People like Grover Norquist love these crises because they are an opportunity to cut those parts of government that they don’t like. The right is not against government, the right is against those parts of government that are responsive to the needs of poor and working people. They’re not targeting the subsidies gained by the health insurance companies; they’re not targeting the military industrial complex. They’re only targeting the people’s programs.
You have called for the unemployed to march and to demand “enhanced safety net protections and big initiatives to generate jobs.” How is what you are calling for similar or different from what Reverend Martin Luther King called for in 1963 with the poor march on Washington and in 1968 with the poor people’s campaign?
It’s very similar. Martin Luther King was trying with marches and demonstrations to put the grievances of people otherwise ignored, underrepresented or not represented at all on the national political agenda, and that’s what a mobilization of the unemployed might do. The official unemployment level is 9 to 10 percent and if you include those who only have part time work and want full time work it goes up to at least 15 percent. This issue of jobs for the unemployed gets very short shrift from Congress and the president and it will get short shrift unless there is a movement pushing them from behind.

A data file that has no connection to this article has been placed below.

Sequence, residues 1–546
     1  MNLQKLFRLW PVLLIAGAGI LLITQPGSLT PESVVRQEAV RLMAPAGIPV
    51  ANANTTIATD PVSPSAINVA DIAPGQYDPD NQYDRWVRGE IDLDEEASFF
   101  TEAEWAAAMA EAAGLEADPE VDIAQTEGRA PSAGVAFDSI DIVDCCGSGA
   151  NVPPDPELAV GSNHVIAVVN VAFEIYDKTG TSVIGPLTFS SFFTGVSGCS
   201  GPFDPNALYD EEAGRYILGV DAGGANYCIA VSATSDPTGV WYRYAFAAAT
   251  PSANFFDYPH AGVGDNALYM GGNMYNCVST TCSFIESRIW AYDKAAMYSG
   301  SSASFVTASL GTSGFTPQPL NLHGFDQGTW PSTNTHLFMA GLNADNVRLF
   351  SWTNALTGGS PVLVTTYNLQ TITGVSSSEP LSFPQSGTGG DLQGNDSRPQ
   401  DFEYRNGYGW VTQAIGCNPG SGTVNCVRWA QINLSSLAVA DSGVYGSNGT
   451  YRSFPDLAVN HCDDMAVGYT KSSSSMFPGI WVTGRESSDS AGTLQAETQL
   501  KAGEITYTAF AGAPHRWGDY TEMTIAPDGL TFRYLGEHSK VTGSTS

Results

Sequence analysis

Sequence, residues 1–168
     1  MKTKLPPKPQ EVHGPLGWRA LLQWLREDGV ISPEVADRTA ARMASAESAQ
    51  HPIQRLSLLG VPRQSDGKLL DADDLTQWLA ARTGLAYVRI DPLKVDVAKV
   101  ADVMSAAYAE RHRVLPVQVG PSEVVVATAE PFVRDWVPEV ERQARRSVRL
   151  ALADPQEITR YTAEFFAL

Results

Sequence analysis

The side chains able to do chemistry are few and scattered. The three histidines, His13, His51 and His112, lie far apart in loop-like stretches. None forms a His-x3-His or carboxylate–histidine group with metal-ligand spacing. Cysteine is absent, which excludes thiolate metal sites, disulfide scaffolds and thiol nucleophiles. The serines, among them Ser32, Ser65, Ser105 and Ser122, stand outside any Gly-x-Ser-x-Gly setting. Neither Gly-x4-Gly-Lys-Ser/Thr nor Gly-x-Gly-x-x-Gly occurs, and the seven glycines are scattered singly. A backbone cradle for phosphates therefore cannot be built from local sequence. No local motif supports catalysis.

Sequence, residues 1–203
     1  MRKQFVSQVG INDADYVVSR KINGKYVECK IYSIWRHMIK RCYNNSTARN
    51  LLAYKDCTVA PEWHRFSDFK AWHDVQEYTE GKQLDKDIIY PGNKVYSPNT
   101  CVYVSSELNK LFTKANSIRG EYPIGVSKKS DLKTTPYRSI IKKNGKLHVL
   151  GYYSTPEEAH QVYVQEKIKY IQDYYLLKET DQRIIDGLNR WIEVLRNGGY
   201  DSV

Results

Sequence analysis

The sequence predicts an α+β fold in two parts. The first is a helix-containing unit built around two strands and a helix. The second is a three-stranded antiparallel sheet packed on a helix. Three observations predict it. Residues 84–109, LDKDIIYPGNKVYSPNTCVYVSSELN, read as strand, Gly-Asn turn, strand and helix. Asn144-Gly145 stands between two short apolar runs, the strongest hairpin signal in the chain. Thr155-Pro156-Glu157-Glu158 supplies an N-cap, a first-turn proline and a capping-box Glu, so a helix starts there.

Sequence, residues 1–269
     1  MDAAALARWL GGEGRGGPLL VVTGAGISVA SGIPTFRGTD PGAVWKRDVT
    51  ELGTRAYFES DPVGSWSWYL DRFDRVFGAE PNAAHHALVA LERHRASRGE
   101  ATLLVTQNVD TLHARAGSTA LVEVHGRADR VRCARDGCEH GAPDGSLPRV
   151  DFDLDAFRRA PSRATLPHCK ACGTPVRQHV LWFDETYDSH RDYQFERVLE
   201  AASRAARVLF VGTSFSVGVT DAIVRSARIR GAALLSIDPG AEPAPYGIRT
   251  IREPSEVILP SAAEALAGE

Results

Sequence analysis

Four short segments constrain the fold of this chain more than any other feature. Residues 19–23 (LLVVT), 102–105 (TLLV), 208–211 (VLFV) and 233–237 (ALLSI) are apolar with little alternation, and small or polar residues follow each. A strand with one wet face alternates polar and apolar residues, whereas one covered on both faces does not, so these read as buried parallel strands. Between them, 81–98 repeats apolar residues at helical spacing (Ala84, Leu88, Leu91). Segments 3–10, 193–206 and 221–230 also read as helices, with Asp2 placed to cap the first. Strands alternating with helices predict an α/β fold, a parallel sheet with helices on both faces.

Why do such tactics seem to have succeeded in Egypt, at least for the moment, but appear to have less resonance over here?
They could have resonance over here. It may well be that what we are seeing in Madison is the beginning of a period in which the people that are hardest hit by the financial meltdown and the ensuing recession will take to the streets and will make their voices heard. After all, we didn’t hear from Egypt for 30 years and then, when the spark was lit, we heard from them very loudly. They were noble and they were beautiful and they thrilled the world. Maybe, that’s going to happen in the United States.
How do you think your insights and ideas about poor people’s movements apply to the Arab world and how does the experience in Egypt apply to us?
It matters a lot. One of the reasons that so many Americans are thrilled by the Egyptians is because they do see parallels. They do see that ordinary people are so consumed by their daily lives and daily routines and their long working hours and having to get to the store before it closes and then having to run home to bathe the babies that they don’t have the energy or the hope that fuels protests. But when they see it happening and happening so boldly and brilliantly as it did in Egypt I think it seizes their imagination, because somewhere in their memory they do know about other moments of protests here in the United States. They do know that people could win. They do know that those victories have made the United States a more humanistic society. There is a reason that protests spread and that they come in cycles. And that’s because protests in one place among one group inspire hope among others who also need the kind of political leverage that comes in the form of protests.
What can mass actions today in the United States achieve specifically?